The US sponsored liberal international order received the overwhelmed appreciation from states and individuals for its defense of civil liberties, market economy, multilateral institutions and democratic values. A large group of intellectuals agree that unprecedented peace and prosperity has been produced by this order, and the US leadership is deemed necessary. It is the USA that has paid abundant costs to uphold the order, but has also benefited substantially (Gourevitch 2018). The foundations of current liberal order rests upon three core values: (i) the liberal ideology that emphasizes the democratic values and norms along with market economy and open trade; (ii) the principle of multilateralism, which underlines that international cooperation and management of international affairs can only possible through the multilateral institutions; (iii) it developed a group of states based on converged values and norms to promote common good, democratic values, peace, security and economic prosperity around the globe (Huang 2021). The defenders of order argue that open markets, economic interdependence, and international institutions help states to resolve disputes peacefully and improve the wellbeing of states and individuals (Arreguin-Toft 2017). The political, economic, social and cultural interdependence not only limits the chances of war and violence, but also promotes peace and harmonious society globally (Jorgensen 2018). The integrated economy harvests the enormous benefits for multinational corporations (MNCs) to invest in foreign countries, expand the production and consumer base and increase the functions of global supply chains. Globalization deepened the interdependence among states and individuals and turned the world into a global village through easy access to money, technology, travel, and culture (Doyle 1996). Meanwhile, liberalism and globalization becomes the true carrier of epidemics such as SARS, Ebola, HIV-AIDs, N1H1 flu, and now COVID-19.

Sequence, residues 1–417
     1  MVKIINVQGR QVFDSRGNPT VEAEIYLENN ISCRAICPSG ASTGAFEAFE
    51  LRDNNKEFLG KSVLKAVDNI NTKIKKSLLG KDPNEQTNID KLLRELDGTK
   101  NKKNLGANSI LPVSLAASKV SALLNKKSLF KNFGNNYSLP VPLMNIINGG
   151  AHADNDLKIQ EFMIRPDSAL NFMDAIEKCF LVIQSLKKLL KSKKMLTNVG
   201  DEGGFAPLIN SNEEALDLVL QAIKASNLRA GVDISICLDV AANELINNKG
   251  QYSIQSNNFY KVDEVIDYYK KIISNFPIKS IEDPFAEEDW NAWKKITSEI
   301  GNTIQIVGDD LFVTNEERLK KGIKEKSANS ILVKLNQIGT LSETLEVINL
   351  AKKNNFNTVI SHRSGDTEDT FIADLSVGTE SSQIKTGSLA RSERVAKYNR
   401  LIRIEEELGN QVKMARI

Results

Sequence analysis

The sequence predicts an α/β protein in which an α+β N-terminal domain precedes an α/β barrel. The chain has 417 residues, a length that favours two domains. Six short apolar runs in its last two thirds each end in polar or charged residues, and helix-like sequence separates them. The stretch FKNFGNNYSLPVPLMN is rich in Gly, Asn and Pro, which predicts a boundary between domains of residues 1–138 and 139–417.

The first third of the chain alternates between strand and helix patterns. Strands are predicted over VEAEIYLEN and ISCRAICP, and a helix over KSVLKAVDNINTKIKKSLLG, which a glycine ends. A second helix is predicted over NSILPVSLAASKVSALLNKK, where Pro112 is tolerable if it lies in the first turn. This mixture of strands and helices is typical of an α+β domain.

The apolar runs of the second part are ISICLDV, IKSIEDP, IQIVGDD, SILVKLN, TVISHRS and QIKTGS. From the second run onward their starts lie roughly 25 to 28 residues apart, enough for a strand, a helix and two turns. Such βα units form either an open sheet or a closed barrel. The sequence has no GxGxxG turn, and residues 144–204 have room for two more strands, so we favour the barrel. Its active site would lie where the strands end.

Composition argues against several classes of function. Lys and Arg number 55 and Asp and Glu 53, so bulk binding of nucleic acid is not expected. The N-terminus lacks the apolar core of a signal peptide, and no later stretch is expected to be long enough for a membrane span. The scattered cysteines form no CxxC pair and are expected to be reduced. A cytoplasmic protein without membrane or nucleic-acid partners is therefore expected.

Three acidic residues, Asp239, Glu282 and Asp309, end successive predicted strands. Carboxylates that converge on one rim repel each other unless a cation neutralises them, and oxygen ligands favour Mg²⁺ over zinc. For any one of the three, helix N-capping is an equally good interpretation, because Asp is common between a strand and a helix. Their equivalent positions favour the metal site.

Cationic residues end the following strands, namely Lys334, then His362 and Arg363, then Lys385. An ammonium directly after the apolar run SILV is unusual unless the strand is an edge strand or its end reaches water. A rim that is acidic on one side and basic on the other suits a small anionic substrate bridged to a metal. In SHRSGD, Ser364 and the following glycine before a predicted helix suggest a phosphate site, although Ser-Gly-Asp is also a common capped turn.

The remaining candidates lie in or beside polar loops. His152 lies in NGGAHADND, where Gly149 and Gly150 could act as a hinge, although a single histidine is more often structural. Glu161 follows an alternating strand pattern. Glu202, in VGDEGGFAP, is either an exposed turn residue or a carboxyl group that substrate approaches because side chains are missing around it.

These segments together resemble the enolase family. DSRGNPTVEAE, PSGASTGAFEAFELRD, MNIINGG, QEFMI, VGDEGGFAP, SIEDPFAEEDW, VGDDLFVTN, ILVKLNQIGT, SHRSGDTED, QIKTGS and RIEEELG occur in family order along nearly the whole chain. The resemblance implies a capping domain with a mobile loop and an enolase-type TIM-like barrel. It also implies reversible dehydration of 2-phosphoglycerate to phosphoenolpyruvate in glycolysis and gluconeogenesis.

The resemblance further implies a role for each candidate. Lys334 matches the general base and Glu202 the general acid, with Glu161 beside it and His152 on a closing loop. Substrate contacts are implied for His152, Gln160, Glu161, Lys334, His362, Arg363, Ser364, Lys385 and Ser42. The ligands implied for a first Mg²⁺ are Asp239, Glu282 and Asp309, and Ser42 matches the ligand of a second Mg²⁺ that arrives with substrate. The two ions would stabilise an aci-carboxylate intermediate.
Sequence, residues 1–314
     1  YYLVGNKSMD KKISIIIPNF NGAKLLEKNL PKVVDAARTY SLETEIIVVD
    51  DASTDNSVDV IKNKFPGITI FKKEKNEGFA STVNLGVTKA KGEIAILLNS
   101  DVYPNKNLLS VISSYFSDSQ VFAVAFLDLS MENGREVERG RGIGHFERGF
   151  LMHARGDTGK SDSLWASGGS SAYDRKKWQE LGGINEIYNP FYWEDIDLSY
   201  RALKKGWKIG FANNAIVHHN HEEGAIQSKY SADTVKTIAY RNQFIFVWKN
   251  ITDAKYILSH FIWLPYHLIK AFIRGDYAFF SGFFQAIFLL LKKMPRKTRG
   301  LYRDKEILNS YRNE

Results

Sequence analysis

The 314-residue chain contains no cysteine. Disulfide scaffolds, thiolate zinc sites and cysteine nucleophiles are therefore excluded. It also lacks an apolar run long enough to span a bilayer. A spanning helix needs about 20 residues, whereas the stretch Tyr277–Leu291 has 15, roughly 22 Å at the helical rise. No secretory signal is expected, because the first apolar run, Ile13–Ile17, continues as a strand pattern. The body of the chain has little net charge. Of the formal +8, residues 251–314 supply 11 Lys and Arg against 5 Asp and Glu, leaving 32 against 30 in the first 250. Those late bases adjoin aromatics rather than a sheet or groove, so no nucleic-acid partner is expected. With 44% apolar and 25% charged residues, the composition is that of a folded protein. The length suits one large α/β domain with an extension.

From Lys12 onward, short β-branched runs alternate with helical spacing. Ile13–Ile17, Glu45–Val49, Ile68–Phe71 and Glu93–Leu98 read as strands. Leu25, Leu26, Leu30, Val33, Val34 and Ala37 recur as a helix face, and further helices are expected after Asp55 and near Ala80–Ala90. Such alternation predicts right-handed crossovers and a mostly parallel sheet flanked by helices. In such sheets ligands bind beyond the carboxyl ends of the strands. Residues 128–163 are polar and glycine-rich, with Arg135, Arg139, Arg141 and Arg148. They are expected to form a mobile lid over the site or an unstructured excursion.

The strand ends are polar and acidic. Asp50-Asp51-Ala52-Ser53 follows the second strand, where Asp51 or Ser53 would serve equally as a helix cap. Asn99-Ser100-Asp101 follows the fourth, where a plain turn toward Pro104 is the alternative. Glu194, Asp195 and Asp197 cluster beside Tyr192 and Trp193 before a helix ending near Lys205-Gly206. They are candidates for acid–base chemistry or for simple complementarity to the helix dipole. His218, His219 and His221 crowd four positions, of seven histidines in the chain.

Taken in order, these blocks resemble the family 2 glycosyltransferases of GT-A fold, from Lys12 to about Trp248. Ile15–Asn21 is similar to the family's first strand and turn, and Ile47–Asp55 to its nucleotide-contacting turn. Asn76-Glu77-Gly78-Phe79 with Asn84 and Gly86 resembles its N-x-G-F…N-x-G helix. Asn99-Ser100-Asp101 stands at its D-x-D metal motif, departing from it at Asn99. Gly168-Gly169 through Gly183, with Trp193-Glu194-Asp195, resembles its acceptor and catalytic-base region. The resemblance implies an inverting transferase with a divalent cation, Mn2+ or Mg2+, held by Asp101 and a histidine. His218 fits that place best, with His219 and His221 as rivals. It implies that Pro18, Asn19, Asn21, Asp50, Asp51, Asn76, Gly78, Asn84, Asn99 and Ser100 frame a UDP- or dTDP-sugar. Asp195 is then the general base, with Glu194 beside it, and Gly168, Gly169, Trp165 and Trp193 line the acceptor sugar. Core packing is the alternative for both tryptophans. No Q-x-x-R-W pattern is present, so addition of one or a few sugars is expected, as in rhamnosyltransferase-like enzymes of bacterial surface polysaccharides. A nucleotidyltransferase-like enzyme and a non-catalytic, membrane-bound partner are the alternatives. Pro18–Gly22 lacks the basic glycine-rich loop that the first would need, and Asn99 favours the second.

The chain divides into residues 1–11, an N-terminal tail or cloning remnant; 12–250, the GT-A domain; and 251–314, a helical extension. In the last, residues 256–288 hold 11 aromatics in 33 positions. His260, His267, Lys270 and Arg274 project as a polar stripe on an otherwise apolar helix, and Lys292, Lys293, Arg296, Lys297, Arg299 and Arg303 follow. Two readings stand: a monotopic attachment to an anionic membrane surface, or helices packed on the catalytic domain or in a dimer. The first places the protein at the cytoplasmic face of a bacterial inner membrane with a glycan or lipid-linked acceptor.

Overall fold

Coronavirus has become one of the greatest challenges to the liberal order. A pandemic is not confined by the state boundaries and COVID-19 has tested the ability of international cooperation (Kliem 2021). It is not the globalization of trade, rather it is a globalization of the viruses and epidemics exposing the weakness and fragility of the system itself (Abbas 2020). The devastation by the pandemic requires collective action, but reality looks other way around. The USA and China have failed to provide the global leadership which produced huge economic and human loss to global community. The United Nations (UN) and World Health Organization (WHO) have played at best, but the restrained response has exposed the bitter truth of failed multilateralism and control of member states. Even the European Union (EU) and the Association of Southeast Asian Nations (ASEAN) appeared less effective owing to the outbreak of nationalism and knee-jerk reactions. In this context of authoritarianism, hyper-nationalism and failed multilateralism, it is projected that the post-COVID-19 world will witness the sweeping changes in international system and will bring mammoth implications for the American hegemony and the system itself. The paper proceeds to explain its argument in the following sequence. The next section illuminates the liberal ideology and its potential contribution in the proliferation of coronavirus, followed by the socio-economic impacts of the virus. The third section unpacks the global hostility and harmony in the age of the virus and challenges to the global cooperation. The ensuing section illuminates the impacts of COVID-19 for liberal international order, followed by the conclusion.

Liberalism and Proliferation of COVID-19